Synonyms.—Scrofula; Struma; King's Evil.
For more than two thousand years inflammation of the lymphatic glands has been recognized under the head of scrofula, and, even at the present day, there are those who, while acknowledging a very near relation, are not quite ready to admit their identity. Certain it is, that tuberculosis of the lymph glands is of a much milder and less infectious character.
It took the name King's Evil from the prevalent idea that the touch of a king was curative. That enlarged glands were far more common two centuries ago than now, may be inferred from the number touched by Charles II. During twelve years of his reign (1702-1714), he is said to have touched ninety-two thousand, one hundred and seven persons, and as the methods of travel were primitive, these thousands were in all probability in the near-by districts.
The investigations during the past twenty-five years, however, have changed all this, and the medical profession now recognizes scrofula as a form or variety of tuberculosis.
Etiology.—Anything that tends to lower the vitality of the lymph tissue is a predisposing cause. Poverty and environment are fruitful causal conditions, and tuberculosis of the lymph glands is much more common among the extreme poor than the well-to-do.
Age.—While this form may occur at any age, it is exceedingly rare after middle life, the greatest number of cases occurring among children.
Race.—The negro is peculiarly susceptible.
Catarrhal conditions of the mucous membranes render the patient far more susceptible than those otherwise affected. The germs lodge upon the mucous membranes in naso-pharyngitis, and readily find their way into the lymph channels, and are carried to the near-by glands. Tonsillitis, for the same reason, may be the forerunner of tubercular adenitis.
Eczema may furnish a rich soil for the reception of the germ, which in turn finds its way into the lymph current, and the glands receive the force of the poison.
Clinical Forms.—The various phases of this variety may be grouped under two heads: generalized tubercular lymphadenitis, and local tubercular adenitis.
Generalised Tubercular Lymphadenitis.—This form may involve the lymphatic system at large, while the viscera may escape. The cervical lymphatics are more frequently the seat of infection, though any group may be the source, and the general infection which follows might be regarded as secondary. Usually its course is chronic, though it may have an acute course.
Symptoms.—Although there is no evidence of lung trouble, the patient is going into a decline. There is loss of flesh and strength, the appetite is capricious, the tongue furred, and secretions are deranged. A fever, irregular in character, is a marked feature. Emaciation becomes marked, while the cervical and axillary glands become swollen, with a tendency to suppuration. In the general appearance there is a great resemblance to Hodgkin's disease.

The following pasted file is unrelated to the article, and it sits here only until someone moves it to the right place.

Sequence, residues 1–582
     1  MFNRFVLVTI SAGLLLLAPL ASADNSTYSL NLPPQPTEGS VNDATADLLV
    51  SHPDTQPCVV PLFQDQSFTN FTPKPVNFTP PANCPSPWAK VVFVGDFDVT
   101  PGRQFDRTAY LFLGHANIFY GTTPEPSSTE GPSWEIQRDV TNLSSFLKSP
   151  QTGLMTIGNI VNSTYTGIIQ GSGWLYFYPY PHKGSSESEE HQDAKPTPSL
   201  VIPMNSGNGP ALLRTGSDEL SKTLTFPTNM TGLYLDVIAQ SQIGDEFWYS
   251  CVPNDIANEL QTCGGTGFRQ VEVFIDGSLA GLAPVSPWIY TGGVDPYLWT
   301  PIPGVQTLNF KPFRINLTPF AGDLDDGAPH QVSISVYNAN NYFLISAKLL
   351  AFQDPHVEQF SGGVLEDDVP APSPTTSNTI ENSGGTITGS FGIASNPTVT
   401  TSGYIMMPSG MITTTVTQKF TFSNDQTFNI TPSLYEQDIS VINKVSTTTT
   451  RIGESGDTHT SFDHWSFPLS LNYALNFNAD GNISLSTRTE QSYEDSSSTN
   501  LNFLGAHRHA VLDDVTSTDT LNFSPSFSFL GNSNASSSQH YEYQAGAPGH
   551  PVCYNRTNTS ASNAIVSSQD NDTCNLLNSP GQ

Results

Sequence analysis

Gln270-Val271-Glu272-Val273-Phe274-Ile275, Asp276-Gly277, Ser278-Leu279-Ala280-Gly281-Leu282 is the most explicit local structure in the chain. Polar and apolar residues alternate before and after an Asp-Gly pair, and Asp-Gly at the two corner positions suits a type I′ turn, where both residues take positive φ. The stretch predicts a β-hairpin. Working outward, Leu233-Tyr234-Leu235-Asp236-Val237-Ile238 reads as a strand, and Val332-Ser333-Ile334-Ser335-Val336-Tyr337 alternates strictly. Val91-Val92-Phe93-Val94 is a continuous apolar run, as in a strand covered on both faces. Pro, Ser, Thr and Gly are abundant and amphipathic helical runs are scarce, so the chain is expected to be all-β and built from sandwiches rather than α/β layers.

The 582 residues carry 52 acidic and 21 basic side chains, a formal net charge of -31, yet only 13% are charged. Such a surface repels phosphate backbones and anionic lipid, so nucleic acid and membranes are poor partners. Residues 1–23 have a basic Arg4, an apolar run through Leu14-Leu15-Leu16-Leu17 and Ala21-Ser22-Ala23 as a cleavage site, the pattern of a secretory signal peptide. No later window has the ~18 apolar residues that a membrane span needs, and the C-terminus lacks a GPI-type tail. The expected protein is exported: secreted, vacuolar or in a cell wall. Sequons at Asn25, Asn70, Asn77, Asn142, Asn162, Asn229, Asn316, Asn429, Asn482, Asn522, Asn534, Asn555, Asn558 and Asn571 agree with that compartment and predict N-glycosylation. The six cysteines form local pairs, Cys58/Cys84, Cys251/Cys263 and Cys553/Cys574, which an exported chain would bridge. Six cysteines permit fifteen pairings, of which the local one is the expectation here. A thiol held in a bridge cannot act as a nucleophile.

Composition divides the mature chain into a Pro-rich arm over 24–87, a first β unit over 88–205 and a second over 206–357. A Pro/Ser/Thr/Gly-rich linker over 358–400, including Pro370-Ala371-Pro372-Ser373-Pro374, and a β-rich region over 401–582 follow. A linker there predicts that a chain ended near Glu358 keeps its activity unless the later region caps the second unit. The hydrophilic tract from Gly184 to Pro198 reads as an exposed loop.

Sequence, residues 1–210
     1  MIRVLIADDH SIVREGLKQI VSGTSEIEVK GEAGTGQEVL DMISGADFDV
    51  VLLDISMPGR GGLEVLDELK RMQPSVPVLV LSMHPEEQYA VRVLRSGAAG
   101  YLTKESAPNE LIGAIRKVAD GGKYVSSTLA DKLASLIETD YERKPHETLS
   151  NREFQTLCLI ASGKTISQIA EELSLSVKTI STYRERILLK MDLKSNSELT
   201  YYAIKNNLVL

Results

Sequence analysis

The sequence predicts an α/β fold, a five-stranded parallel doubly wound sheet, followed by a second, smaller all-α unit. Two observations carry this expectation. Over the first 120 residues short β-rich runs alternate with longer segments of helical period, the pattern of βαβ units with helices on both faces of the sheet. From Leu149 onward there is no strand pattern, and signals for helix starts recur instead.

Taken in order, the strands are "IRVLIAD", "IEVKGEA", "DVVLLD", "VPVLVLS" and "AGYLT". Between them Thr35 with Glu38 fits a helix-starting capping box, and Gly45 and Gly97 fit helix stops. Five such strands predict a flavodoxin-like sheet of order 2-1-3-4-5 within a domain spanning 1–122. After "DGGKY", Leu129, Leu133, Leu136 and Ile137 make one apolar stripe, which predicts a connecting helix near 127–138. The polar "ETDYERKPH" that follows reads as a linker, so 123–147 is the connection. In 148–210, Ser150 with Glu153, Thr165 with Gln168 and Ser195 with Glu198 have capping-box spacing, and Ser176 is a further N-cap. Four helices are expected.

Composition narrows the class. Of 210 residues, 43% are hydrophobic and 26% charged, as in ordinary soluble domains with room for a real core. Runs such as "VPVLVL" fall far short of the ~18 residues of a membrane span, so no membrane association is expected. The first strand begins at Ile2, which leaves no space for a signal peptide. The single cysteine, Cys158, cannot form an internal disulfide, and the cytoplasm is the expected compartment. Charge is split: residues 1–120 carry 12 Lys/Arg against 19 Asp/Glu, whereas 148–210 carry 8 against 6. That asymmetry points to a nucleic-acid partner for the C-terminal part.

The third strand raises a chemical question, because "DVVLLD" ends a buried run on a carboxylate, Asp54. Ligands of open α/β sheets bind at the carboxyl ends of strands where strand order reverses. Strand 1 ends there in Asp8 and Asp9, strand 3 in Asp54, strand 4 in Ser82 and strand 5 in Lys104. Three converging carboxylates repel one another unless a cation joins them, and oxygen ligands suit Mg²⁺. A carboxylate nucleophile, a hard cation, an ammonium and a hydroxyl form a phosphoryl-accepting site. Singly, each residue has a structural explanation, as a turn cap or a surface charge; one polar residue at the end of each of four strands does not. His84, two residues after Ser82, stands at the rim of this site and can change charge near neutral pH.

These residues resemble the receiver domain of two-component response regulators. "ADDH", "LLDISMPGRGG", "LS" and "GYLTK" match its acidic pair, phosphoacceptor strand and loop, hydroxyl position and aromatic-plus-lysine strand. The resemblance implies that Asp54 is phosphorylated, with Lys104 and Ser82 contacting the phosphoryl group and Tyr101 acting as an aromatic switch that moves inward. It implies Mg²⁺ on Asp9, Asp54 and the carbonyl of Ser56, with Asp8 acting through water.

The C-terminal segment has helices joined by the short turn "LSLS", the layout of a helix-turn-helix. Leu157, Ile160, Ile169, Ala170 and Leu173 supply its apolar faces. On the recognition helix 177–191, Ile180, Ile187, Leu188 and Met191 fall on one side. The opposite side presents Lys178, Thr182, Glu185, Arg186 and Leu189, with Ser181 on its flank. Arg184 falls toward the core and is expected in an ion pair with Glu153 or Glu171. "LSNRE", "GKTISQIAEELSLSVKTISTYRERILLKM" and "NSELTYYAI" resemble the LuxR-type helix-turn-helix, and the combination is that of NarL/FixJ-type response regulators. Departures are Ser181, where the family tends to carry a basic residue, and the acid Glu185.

Local Tubercular Adenitis.—Cervical.—This form is the most common of lymphatic lesions, either in the adult or child, and is peculiarly frequent among children of the poorer classes. Insufficient food, or, more properly speaking, improper food, together with bad air and unhygienic surroundings, as were seen but a few years ago in nearly all eleemosynary institutions, give rise to a large percentage of scrofula. Plow many of these cases were from tubercular parents could not be determined, though, if present in latent form, the poor surroundings and food early developed it.
The proof that environment was a productive cause is seen in the marked decrease of cases in the past few years, with a radical change in the care of these unfortunate waifs of humanity who are cast upon the public welfare. In fact, the records show that most of the inmates are discharged at the present day in a far healthier condition than when admitted.
In Keating's Cyclopedia of Diseases of Children, a realistic picture of the condition of things which existed under the old regime is given as follows:
"Some years ago I had a very melancholy but convincing proof of the effects of improper food in producing scrofula upon five or six hundred children in the House of Industry (Dublin), of all ages. from a year to puberty. The diet of the children consisted of coarse brown bread, stirabout, and buttermilk, generally sour, for breakfast and supper; of potatoes and esculent vegetables, either cabbage or greens, for dinner; and sour buttermilk again for their drink. They were confined in their dormitories and schoolrooms of insufficient extent for their number, there being no playground for the children; consequently, they were deprived of that exercise, so natural and necessary for the development of the frames of young animals, and which might have enabled them to digest in some degree their wretched and unwholesome diet.
"Under this cruel mismanagement, they lost all spirit for exercise or play; and on visiting the rooms in which they were incarcerated, the air of which was impure to. a degree only to be compared to jails of former times, these wretched little beings were seen squatted along the walls of their foul and noisome prisons, resembling in their listless inactivity an account I have somewhere read of savages met with in Australia, their faces bloated and pale, and their stomachs as they sat nearly touching their chins.
"Upon a closer examination of these children, it was found that, in general, the upper lip was swollen, the tongue foul, or sometimes of a bright-red color, indicative of acidity of the stomach, the breath offensive, the nostrils nearly closed by the swelling of the mucous membranes, the abdomen tumid and tense, and the skin dry and harsh; but, that which appertains most to my present subject, the cervical glands were more or less swollen and tender; and I am within bounds when I assert that nearly one-half of those unhappy children had the characteristic signs of scrofula in their necks."
This form is also very common among the colored race.
Symptoms.—The first evidence in this, as in all other forms of tuberculosis, is an enfeebled vitality, and the various symptoms that arise from an imperfect elaboration of blood. The visible local manifestation is the enlargement of one or more of. the cervical glands, usually the submaxillary. These are generally spoken of by the parent as kernels, and may remain quite small and firm for weeks, when, from cold or perhaps from some of the many unassignable causes, the vitality is still further reduced and a new activity is developed in the glands, which increase in size, varying from that of a walnut to that of an egg.